While plenty of people are fine with going to the movies or restaurants on their own, the idea of going to Disney World or other theme parks without friends and family in tow probably doesn't cross most people's mind. However, there are plenty of good reasons to visit Disney World solo. Here are but five.
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You can skip the character photos.
Visiting the Magic Kingdom and other Disney parks with kids often means long lines and waiting to get that perfect photo with Mickey Mouse or an autograph from Ella from “Frozen.” When you go solo, you can admire the larger-than-life characters from a safe distance while conserving your time for more important things, like rides.
You can get wasted.
On a recent solo trip to Epcot, which happened to coincide with the park’s International Food & Wine Festival, we were surprised to learn that drinking at Disney World is a thing. While Disney’s Magic Kingdom doesn’t offer a ton of options for drinkers, it’s a different story at the more adult-focused Epcot, where the booze flows freely. One of the highlights of our visit was observing a group of women clad in “Drinkerbelle” shirts. They were walking around with what appeared to be mimosas in their hands and big grins on their faces.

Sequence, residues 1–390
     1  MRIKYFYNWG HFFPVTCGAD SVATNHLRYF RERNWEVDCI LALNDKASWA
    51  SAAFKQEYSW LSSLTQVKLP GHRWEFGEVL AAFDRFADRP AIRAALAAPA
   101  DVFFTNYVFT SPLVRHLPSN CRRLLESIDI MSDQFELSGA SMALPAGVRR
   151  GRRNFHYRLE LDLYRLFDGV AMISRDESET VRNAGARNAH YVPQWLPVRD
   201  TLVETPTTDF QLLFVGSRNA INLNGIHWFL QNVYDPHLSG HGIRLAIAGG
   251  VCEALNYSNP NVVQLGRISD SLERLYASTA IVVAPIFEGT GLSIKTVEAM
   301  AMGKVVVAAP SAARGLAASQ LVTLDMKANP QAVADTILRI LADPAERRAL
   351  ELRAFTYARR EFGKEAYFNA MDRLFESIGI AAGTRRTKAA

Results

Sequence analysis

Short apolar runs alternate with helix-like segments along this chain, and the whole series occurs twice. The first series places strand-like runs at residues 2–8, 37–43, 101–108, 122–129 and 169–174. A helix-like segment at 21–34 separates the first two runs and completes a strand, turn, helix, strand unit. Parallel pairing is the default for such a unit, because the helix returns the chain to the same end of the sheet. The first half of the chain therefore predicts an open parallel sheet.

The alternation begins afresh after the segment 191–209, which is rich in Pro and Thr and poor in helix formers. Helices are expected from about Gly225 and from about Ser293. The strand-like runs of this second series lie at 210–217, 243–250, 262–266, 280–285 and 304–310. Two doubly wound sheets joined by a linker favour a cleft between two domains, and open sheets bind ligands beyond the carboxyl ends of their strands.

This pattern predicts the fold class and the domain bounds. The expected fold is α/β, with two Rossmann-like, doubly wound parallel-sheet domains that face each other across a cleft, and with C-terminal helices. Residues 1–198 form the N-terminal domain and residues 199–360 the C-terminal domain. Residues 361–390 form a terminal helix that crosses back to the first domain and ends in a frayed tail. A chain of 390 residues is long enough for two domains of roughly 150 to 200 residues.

You (often) get whole ride cars to yourself.
While Disneyland has (or had) faster-moving single-rider lines, there’s nothing like that at Disney World. Instead, those going at it solo just get a whole car to themselves (in most cases). While this isn’t really a reason in itself to visit the parks alone, it certainly is a perk — especially if you want unobstructed views of your surroundings.
It's easier to get last-minute walk-in spots at restaurants.
A lot of the restaurants in the park require advance reservations, and if you’re traveling with a group of people, it can be difficult to jump in somewhere for a quick bite when the mood strikes. But when you’re traveling solo, it’s often easy to slip in and see if a spot for one opens up — you can’t really do this when you’ve got six people to seat.
You can stay as late as you want (or leave when you've had enough).
Visiting theme parks with friends and/or family often means compromise — and lots of it. This is only amplified when kids come into the equation. Tired, fussy children can easily make cutting your trip short a necessity, and on the other hand, leaving before the kids have had a chance to meet the character of their choice can lead to big disappointments or, quite possibly, tantrums. But when you’re all alone, you can simply ditch out when you’re Disney-ed out, or stay until the fireworks if you can’t get enough!
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